There are several causes of systemic inflammation, including sepsis, trauma, surgery, and long-term illnesses. There are many ways in which systemic inflammation might raise the risk of arrhythmias.

First, oxidative stress and cardiac cell damage from systemic inflammation might result in decreased electrical conduction and heightened vulnerability to reentry circuits [10]. Oxidative stress is the result of an imbalance between the body's generation of reactive oxygen species (ROS) and antioxidants' capacity to neutralize the detrimental effects of ROS [10, 18]. This oxidative stress can lead to inflammation and damage to the heart's tissue, which can accelerate the development of heart failure [10, 18].

Second, the autonomic nervous system (ANS) might have its equilibrium upset by systemic inflammation [19, 20]. Arrhythmias may be brought on or made worse by this imbalance [19, 20]. Through its sympathetic and parasympathetic branches, the ANS controls both innate and adaptive immunity. An imbalance in this system can lead to an altered inflammatory response, which is commonly seen in long-term illnesses such systemic autoimmune disorders [20].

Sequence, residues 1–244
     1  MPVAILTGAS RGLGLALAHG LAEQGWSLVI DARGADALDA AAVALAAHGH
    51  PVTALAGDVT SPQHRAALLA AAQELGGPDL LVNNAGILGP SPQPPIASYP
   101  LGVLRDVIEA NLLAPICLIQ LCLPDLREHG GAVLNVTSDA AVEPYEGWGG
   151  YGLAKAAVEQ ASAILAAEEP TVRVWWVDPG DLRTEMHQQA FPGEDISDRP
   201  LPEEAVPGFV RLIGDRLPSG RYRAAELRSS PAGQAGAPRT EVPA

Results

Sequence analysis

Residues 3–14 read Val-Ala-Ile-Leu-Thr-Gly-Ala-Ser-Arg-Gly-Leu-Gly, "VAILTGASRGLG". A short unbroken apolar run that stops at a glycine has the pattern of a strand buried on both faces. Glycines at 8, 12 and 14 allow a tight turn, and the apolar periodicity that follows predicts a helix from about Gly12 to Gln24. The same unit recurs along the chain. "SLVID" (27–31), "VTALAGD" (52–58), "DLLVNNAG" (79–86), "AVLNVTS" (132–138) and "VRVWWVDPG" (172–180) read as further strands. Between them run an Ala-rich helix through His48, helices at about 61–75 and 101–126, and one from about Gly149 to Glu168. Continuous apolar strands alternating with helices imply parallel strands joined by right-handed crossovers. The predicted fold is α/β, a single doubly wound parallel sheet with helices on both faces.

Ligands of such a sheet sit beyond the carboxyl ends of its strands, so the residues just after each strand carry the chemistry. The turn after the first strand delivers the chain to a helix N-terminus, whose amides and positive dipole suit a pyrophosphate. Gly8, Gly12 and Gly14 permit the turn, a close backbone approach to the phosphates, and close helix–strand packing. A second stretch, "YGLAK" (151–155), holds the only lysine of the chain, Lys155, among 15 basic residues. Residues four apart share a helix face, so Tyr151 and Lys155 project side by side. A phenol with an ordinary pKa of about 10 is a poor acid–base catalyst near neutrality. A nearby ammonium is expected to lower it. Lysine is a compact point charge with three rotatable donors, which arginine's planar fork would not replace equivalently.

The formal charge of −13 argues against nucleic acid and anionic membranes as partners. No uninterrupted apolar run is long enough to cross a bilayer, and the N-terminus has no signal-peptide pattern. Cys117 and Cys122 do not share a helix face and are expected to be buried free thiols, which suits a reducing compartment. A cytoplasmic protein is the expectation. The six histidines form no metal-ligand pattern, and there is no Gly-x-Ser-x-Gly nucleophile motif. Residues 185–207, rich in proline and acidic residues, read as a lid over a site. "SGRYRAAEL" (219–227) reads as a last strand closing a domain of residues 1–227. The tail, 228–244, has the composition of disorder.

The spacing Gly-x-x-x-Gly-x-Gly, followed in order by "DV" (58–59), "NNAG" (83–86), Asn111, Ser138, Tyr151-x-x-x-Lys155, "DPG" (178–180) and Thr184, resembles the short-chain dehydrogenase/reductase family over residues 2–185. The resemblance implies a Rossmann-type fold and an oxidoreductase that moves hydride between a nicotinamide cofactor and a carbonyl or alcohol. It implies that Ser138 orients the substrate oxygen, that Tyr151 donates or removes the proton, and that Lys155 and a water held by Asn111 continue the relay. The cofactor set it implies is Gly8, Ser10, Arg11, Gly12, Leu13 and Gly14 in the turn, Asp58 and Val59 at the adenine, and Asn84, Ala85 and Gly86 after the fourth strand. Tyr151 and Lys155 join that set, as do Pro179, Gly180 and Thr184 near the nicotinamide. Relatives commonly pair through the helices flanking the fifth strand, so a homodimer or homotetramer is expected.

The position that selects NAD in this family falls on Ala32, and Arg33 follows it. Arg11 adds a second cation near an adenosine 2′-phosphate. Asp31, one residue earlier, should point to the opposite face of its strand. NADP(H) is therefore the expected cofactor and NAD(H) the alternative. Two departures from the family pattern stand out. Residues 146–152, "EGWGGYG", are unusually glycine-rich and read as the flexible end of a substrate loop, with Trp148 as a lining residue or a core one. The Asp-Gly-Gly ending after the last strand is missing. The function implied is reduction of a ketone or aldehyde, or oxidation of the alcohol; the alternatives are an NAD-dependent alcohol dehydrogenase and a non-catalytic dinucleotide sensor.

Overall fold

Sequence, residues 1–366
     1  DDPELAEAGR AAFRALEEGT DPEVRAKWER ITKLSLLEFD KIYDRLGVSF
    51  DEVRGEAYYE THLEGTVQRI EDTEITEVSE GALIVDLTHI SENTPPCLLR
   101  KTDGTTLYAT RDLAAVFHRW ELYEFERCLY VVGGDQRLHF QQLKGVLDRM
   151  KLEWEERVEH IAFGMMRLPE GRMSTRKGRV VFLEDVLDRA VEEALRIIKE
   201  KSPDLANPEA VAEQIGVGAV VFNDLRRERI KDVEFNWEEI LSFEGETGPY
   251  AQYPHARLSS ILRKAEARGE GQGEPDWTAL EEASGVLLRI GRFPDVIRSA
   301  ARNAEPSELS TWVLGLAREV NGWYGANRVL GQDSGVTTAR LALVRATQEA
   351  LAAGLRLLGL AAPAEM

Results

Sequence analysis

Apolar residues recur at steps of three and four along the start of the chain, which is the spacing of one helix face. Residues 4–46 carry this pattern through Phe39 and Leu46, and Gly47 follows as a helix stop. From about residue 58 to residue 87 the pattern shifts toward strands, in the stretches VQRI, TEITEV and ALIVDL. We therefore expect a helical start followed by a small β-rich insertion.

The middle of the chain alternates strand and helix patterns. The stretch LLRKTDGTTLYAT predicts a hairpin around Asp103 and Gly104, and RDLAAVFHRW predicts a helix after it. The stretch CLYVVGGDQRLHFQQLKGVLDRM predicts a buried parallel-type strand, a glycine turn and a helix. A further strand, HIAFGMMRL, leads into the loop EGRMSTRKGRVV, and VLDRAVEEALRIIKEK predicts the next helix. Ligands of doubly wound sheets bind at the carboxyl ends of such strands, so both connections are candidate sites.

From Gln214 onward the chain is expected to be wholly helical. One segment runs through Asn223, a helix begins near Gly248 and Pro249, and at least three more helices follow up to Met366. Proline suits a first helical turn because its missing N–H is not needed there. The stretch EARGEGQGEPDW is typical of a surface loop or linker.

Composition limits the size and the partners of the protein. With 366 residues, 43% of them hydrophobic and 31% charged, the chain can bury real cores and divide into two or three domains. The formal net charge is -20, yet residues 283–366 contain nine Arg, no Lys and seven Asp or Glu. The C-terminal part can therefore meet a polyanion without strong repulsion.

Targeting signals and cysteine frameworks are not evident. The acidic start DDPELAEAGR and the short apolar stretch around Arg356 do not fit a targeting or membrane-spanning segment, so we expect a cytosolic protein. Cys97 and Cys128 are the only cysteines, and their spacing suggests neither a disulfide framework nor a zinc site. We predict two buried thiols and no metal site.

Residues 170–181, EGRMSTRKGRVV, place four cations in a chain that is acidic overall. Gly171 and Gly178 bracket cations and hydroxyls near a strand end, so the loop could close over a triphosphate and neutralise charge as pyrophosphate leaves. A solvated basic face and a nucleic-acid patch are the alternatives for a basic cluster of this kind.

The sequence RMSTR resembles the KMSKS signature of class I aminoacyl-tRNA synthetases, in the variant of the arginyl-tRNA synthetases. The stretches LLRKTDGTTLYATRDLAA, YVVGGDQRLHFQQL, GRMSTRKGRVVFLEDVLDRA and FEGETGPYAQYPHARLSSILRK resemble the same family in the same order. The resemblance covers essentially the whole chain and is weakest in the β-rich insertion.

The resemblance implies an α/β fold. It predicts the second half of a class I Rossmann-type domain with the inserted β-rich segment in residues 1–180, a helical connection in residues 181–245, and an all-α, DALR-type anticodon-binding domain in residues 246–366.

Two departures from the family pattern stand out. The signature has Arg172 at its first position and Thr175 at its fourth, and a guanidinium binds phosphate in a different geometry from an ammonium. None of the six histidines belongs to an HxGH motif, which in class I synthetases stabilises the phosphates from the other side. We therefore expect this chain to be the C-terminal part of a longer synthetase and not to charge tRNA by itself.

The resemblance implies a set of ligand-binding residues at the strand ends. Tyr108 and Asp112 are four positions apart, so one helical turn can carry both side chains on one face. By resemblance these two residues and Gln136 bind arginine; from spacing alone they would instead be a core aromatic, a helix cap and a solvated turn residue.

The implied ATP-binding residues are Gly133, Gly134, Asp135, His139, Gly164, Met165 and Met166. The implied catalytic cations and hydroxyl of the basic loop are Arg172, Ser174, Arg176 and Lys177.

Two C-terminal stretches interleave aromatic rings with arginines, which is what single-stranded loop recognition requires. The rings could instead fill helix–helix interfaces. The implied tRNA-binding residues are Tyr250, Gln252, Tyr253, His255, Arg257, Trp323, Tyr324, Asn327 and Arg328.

Third, since potassium, calcium, and magnesium are necessary for a proper ventricular action potential, systemic inflammation may have an impact on these electrolyte levels [13]. The most prevalent intracellular cation in the body, potassium keeps muscle and nerve cells excitable [21]. Variations in potassium concentrations can impact an action potential's ability to conduct, which, in severe cases, can result in ventricular tachycardia [21].